Week Three of Project Sewn is already upon us – how time flies! This weeks theme is “going global” – using the fashion from a foreign country as inspiration for an outfit. Ever since I took part in a performance of the opera Lakmé last month, I’ve been wanting to explore saris and Indian fashion more, and this was the perfect opportunity! I mentioned in my post about the opera that we all got to learn how to wrap saris, which is actually a fairly complicated process. I wanted to create a garment that would show the sari wrapping process without actually being a sari – I don’t think I could get away with wearing one out in public!
But first, a few words about saris. The sari is a traditional garment worn by Indian women, and consists of several yards of fabric wrapped around the body. Saris are usually tucked into a petticoat to keep them in place (we used shoelaces to tuck the saris in during the opera, though – sometimes you have to improvise!). To begin, you knot one corner of the sari and tuck it into the petticoat, and then begin wrapping. The sari skirt is carefully pleated in the front as you wrap, and this pleating can be quite intricate and fussy! It is then crossed over the shoulder and draped. The section that is draped over the shoulder is called the pallu, but it’s still part of the rectangle that makes up the skirt. For the opera, I tried to give myself a half hour to wrap the sari, but that’s actually not very long! Saris worn for weddings and other special occasions can take an hour to wrap. Whew!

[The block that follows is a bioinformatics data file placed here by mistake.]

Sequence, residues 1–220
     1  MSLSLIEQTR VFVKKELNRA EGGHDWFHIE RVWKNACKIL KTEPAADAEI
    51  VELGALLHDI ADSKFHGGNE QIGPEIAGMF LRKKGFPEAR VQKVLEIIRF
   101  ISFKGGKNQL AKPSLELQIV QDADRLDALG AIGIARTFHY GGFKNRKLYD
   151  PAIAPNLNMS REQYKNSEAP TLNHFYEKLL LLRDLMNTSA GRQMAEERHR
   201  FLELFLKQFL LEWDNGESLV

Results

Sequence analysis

So, I wanted to create a garment to imitate this process without all the intricate folding, pleating, and draping. I decided a wrap skirt with a pleated front would be the perfect compromise between tradition and modern style. For the fabric, I actually ordered a sari off eBay – you can’t beat the real thing! The sari I got is a vintage silk piece that is quite thin and sheer, but very stiff and crisp at the same time.
Since it was more sheer than I was expecting, I knew I would have to imitate the petticoat somehow with a lining. At first I thought I would make a mini skirt out of lining and leave the bottom section sheer, but after draping the fabric on my dress form, I actually liked having the lining fabric extend beyond the sari fabric. This also gave more weight and drape to the sari material.
But enough talking – here’s the finished product!
You can see I made a little scarf out of the excess to recreate the pallu. The skirt pattern was self-drafted using this tutorial. I made the skirt narrower than recommended because the fabric was so stiff, but it tends to come open very easily so I’m regretting that decision a little (I plan to use this Megan Nielsen tutorial to keep it closed).
You can see I used a royal blue cotton for the lining – I love the contrast of rich colors! Oh, and the bindi is leftover from my Lakmé makeup :). (I almost wore it to work this morning – oops!!)
I’m quite pleased with how this turned out, and once I fix its wardrobe malfunctioning potential, I hope to wear it out! I feel a little funny about wearing this everyday, though – do you think this is an “everyday piece,” or is it too costumey? Or special occasion-y? What are your thoughts?
So what do y’all think – did I succeed in turning a traditional national style into a wearable piece?